How To Treat Ankle Sprains and Prevent Them
The post Which Shoes Help Exercise, Fall Prevention, and Ankles? showed why you don't need high top shoes, or arch supports, or orthotics to prevent your arches and ankles from sagging inward (pronation, arch flattening, or flat feet). You can quickly train your ankles and feet to hold straight stable position using your own sense of positioning that comes from receptors in the muscles and connective tissue around your ankle and foot. The post Arch Support Is Not From Shoes gives a simple retraining to restore healthy comfortable arches and prevent the pronation that can cause knee, hip, ankle and foot pain. It's easy, built-in exercise-as-a-lifestyle.
What about feet and ankles that turn the other way - bending outward, not inward, at the ankle so that you may turn your ankle causing a fall or sprain? What if you already have sprained your ankle and want to get back to activities and prevent future sprains? The same simple principle applies. Using easy positioning training, you can teach your ankles to sense when they are turning too much to the outside, and quickly send signals to your ankle, foot, and leg muscles to straighten your ankle and prevent a sprain. This works well, even with damaged and overstretched ankle ligaments, and is key to rehabbing a sprain.
Wearing supportive shoes, an air cast, splints, taping, and elastic bands to brace an injured ankles is a common practice that perpetuates weak, unstable ankles because these devices prevent sense of balance and positioning. Wearing these things to "support" non-injured ankles for hiking and walking is just as bad. Within only one day of wearing an ankle brace, whether you have a sprain or not, balance is quickly diminished. You can put a healthy person in an ankle brace and test their ability to stand on that foot without the brace at the end of one day and find they are less able to balance and more likely to tip over. This problem compounds each day a brace is worn.
The missing link in ankle rehab and the reason for so many repeat sprains is staying in the bracing and not doing enough balance and positioning retraining after the last sprain. This is why resting an ankle, bracing it, and reducing activity can make things worse. It is also the reason why the usual ankle strengthening exercises have not been working, and people keep spraining their ankles despite strengthening exercises. The issue in ankle sprains is not as much strength as sense of positioning, called proprioception. You need simple and easy-to-do proprioception exercises. Would you like to try one?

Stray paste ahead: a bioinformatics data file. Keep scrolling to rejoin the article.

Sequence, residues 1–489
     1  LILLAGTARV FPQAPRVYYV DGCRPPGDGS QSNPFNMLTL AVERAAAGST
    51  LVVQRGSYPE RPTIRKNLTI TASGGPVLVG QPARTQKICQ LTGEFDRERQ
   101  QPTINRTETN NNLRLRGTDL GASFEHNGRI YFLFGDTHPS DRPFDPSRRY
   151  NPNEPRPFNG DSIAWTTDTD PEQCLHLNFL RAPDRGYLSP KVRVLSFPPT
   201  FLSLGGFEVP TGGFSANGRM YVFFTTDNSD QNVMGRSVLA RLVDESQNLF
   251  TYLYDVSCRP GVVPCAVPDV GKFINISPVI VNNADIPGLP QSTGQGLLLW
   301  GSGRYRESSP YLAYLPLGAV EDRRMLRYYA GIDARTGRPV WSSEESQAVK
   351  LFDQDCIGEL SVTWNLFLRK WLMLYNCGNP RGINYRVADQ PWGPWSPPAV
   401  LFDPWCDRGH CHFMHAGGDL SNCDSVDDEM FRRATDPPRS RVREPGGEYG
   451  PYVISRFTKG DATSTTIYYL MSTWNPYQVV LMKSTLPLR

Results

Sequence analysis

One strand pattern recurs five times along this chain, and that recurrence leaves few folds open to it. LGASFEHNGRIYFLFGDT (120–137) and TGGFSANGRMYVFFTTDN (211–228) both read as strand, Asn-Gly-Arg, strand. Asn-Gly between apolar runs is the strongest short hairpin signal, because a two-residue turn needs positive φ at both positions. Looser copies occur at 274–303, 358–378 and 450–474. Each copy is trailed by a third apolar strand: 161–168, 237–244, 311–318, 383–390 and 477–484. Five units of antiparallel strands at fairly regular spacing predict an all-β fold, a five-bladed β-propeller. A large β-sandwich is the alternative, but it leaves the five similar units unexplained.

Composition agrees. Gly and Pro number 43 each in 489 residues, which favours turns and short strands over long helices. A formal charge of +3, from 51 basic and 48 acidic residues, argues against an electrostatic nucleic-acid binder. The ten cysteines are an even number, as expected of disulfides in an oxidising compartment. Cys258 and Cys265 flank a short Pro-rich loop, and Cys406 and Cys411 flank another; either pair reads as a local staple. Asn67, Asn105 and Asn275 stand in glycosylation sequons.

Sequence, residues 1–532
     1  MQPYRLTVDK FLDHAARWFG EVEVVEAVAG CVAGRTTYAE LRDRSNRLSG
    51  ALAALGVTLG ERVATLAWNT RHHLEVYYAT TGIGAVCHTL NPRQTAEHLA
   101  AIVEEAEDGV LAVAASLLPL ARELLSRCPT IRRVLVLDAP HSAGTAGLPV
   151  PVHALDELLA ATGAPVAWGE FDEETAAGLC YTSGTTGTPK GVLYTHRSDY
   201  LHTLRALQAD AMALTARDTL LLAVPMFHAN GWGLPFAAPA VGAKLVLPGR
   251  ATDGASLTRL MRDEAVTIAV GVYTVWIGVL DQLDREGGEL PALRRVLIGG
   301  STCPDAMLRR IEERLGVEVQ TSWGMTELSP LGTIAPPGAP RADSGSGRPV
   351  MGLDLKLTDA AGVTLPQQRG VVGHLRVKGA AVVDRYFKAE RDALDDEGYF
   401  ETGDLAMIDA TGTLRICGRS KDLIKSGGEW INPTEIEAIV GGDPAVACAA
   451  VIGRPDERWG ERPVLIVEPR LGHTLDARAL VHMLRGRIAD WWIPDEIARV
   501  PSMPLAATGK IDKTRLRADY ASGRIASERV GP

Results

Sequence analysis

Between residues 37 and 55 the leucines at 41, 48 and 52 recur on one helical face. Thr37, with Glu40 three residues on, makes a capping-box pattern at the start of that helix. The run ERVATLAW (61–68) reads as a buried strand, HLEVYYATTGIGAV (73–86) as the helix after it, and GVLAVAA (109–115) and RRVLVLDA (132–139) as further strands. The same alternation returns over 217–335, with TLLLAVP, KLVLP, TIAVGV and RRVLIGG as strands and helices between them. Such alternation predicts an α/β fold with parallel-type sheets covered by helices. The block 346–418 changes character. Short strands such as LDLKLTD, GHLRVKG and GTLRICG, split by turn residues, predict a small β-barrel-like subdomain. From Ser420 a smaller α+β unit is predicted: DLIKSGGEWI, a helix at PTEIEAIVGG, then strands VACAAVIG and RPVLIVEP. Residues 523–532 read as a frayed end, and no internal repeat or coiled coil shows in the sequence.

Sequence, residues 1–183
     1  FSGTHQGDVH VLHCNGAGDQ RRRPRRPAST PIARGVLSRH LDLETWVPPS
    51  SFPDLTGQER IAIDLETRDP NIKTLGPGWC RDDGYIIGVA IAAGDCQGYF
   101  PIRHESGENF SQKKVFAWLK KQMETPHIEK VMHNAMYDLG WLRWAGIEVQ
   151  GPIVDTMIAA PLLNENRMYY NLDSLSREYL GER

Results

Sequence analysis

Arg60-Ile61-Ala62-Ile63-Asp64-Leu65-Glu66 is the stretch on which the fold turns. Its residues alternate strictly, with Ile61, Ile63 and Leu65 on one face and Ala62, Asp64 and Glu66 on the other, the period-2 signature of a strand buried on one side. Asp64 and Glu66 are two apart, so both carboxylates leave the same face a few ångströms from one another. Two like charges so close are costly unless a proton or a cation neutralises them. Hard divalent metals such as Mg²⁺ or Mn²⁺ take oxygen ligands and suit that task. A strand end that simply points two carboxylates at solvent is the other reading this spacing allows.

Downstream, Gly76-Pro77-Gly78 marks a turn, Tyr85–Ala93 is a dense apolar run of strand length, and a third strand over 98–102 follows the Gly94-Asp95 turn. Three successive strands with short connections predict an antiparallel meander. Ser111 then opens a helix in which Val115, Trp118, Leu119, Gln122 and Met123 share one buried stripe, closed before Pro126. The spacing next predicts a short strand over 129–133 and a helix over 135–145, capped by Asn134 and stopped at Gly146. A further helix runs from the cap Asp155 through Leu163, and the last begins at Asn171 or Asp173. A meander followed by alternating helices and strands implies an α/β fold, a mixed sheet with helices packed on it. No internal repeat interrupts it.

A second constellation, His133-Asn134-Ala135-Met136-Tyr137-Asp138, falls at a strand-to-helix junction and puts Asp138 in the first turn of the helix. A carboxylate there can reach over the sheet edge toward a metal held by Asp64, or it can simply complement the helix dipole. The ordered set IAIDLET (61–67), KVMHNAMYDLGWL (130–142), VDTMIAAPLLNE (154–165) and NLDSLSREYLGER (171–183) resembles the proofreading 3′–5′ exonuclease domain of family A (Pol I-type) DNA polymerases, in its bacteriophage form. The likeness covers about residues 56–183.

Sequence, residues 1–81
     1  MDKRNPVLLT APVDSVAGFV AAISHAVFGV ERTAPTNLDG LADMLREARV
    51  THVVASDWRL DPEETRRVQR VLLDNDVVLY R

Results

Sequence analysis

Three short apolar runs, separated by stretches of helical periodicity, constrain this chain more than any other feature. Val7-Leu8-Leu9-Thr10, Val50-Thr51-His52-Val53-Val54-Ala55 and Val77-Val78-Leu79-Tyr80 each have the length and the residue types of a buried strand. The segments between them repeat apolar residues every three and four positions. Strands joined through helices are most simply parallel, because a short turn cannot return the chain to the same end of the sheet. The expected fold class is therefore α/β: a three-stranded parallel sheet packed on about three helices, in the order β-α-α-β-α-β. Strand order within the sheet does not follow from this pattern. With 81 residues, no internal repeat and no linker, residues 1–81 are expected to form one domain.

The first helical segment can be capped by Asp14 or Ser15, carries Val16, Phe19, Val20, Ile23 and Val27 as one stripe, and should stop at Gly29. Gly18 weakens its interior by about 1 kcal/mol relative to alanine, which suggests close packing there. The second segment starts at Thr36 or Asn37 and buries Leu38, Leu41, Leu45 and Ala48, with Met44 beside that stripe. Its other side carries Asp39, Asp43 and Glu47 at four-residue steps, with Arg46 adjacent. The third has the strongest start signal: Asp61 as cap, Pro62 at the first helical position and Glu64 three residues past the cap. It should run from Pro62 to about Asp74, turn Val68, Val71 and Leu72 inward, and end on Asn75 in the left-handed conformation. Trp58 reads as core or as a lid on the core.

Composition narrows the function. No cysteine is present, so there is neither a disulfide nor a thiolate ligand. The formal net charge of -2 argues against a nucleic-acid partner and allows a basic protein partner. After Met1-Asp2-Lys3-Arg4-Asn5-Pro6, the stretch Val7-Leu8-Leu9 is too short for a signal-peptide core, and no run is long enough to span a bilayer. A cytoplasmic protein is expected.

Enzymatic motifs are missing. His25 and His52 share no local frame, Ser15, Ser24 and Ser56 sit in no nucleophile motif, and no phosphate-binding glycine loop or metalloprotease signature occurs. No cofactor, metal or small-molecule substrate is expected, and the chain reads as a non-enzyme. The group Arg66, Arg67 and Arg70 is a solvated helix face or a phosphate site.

- Stand up. Keep both feet facing straight ahead, not turned out.
- Rise up on tiptoe. Notice if you allow your weight to teeter over the small toes, tipping your feet and ankles outward. That is the poor positioning and lack of the stabilization that allows your ankle to turn in the outward direction that allows sprains. You don't want this bad positioning to occur any time you are walking, hiking, jumping, dancing, or moving in any way. Not even when sitting.
- Shift your body weight over your big toe and second toe. Don't let your ankles sag inward or outward. Hold your ankles straight.
- Hold standing up on tiptoe with straight, good positioning as long as you can. You can practice this on the phone, or when doing dishes or laundry. Make sure you use it in real life activities whenever standing on your toes to reach and lift.
Next: More fun ankle proprioception retraining to rehab ankle sprains and learn to prevent future sprains - No More Ankle Sprains Part II.
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